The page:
You can reduce decision fatigue by simplifying your wardrobe or meal planning in advance. This will free up space to give financial decisions the consideration they deserve.

  1. Be grateful for what you have.

Self-made millionaire Tony Robbins makes gratitude a part of his morning routine. This may seem difficult if you’re struggling, but it’s important to appreciate what you have in order to bring more abundance into your life. Try incorporating it into your morning routine to get your day started off right.

Even if we don’t all reach millionaire status in our lives, these money tips can help us afford the luxuries of the wealthy more often. And more importantly, these money tips can help us build a foundation for long-term financial security for ourselves and the generations after us.

To learn more about how Meed can help you achieve financial freedom, sign up with us at https://meed.net!

Money Can’t Buy Happiness. Or Can It? Ask the 5th Happiest Country in the World.

Vietnam Ranks Fifth in the Happy Planet Index

There’s a popular saying that money can’t buy happiness, but an objective look at how the quality of life has risen for Vietnamese in relation to their economic progress might cause one to reconsider that assertion.

Vietnam ranked fifth in the Happy Planet Index report, which assesses 140 countries and measures factors that contribute to a healthy life, such as life expectancy, wellbeing, inequality and ecological footprint. As only one of three countries with an ecological footprint that is considered environmentally sustainable and an average life expectancy of 75 years old, Vietnam is leading the pack as the happiest country in Asia.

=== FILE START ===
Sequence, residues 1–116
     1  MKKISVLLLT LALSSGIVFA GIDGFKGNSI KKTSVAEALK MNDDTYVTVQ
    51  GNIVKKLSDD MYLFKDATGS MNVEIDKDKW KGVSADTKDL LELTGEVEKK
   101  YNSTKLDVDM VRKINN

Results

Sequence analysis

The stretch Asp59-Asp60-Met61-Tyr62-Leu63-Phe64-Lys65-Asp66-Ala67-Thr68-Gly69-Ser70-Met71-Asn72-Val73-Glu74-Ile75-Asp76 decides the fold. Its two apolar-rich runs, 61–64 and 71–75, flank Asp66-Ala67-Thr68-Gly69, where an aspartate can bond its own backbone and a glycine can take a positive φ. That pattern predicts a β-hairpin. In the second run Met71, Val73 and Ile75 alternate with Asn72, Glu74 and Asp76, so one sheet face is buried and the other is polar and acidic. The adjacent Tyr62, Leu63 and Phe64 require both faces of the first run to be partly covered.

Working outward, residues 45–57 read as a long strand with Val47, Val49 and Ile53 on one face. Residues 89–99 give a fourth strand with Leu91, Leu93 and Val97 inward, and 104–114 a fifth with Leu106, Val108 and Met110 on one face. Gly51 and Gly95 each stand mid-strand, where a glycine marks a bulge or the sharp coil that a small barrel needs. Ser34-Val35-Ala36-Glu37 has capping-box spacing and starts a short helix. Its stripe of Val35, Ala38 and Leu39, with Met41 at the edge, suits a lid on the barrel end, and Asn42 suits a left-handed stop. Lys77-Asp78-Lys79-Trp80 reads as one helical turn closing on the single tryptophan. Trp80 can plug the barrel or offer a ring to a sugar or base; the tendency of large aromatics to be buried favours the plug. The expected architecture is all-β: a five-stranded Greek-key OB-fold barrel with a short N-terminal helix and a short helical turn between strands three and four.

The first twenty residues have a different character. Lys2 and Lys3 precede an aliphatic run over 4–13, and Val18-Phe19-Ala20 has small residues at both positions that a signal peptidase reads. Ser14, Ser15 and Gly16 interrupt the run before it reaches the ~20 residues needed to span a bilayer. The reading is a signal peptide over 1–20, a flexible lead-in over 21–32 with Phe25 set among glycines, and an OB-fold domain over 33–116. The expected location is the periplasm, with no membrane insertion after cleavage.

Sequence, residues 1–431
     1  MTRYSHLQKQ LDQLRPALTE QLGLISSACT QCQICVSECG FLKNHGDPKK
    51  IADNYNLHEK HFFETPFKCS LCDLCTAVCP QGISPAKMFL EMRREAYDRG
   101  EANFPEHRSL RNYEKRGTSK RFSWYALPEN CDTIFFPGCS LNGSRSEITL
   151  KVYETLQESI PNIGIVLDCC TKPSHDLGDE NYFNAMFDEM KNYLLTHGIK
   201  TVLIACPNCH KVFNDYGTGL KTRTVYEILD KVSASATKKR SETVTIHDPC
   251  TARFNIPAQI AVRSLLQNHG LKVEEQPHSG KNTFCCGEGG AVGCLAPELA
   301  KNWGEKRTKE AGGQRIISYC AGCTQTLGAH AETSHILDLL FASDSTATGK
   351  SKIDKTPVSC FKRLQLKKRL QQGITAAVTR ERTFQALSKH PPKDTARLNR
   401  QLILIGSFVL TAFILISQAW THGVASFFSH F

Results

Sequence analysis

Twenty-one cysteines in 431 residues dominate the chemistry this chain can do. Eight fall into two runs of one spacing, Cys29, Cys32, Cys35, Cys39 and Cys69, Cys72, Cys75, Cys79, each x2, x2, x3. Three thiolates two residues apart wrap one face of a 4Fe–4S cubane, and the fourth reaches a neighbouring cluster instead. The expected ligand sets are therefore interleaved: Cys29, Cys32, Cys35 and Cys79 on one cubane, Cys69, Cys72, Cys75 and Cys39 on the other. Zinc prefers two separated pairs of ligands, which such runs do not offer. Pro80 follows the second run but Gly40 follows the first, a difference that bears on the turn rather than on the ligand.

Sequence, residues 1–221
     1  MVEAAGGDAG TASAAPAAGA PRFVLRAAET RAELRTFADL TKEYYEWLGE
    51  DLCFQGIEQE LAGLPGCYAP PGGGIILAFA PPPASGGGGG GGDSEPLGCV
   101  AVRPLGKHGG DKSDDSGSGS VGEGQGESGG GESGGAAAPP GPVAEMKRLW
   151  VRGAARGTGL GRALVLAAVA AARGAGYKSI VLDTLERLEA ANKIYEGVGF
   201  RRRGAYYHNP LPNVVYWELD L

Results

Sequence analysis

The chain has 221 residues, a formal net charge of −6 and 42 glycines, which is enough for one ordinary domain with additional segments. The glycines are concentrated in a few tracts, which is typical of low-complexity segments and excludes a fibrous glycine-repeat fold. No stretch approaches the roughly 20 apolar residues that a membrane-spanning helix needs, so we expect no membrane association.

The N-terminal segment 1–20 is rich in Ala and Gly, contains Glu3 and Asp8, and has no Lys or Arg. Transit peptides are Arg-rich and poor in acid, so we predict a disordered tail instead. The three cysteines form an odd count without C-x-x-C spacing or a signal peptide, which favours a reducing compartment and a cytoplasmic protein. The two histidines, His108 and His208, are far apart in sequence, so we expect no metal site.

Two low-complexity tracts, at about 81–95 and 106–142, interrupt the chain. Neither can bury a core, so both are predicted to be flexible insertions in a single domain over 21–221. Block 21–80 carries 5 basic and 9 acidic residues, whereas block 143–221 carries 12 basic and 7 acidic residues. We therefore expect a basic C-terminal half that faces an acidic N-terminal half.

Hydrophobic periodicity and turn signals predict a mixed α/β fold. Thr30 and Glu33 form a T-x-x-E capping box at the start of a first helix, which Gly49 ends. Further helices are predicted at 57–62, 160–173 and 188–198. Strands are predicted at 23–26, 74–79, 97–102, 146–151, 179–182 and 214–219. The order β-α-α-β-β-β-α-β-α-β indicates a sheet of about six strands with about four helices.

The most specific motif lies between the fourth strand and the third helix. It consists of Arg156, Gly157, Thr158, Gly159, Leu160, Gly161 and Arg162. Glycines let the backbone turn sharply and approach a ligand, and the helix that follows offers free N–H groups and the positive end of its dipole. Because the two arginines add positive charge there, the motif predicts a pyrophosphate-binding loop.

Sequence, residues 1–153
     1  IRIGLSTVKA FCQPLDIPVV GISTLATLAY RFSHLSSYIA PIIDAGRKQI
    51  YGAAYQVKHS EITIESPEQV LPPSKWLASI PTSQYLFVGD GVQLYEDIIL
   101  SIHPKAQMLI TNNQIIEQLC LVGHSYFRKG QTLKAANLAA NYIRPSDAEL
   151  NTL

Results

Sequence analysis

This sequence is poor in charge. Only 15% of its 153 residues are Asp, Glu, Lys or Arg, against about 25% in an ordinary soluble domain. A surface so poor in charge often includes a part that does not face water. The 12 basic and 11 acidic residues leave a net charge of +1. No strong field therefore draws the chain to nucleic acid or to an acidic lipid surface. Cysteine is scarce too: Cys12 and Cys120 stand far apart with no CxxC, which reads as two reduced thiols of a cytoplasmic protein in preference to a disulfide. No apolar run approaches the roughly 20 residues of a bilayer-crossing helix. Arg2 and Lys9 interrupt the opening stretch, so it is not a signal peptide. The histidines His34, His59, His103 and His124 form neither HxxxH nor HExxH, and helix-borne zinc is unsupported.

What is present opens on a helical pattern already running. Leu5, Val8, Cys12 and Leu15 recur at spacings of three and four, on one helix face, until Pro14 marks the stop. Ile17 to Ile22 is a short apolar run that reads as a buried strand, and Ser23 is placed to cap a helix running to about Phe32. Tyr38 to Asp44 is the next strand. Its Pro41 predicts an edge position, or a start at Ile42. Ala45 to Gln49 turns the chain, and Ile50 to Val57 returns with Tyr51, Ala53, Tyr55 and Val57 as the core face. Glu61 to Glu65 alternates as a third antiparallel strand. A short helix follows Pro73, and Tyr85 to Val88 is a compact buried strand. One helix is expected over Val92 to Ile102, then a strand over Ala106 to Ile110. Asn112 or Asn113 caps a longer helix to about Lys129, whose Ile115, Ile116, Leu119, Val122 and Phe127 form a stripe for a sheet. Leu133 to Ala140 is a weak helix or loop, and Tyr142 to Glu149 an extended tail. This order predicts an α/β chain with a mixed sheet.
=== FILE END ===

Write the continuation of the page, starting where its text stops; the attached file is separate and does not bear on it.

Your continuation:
Vietnam even edged out Costa Rica, which was ranked as the overall happiest nation, under the inequality rating that measures wellbeing and life expectancy. Vietnam’s school enrollment is an impressive 98% and the country serves as a worldwide example for poverty reduction since decreasing the amount of people living in poverty from 58% in 1993 to 10.7% in 2010.

So, Money Can’t Buy Happiness or Can It?

In 2015, Vietnam’s economy rose by almost 7%, exceeding even its own government’s expectations. This economic growth is a result of increased foreign investment as well as domestic demand. The government has concentrated its efforts to strengthen the business industry, particularly the private sector, through a rigorous socio-economic development plan that will dramatically increase the country’s productivity between 2016-2020.

The only caution in the report is regarding Vietnam’s currently impressive ecological footprint. If the country continues developing their economy at this rate, it could mean bad news for sustainability in the region. In addition, while income inequality in Vietnam is comparable to other countries, the gap in opportunity and wealth is widening as it becomes a more developed nation.

These are all things to consider as Vietnam positions itself to be the next international tech hub. For the time being however, Vietnam can enjoy its designation as one of the happiest countries on earth, and take note of how its recent economic success has translated to a higher quality of life for its citizens.

So it looks like the jury is still out. What do you think?  Money can’t buy happiness? Or can it?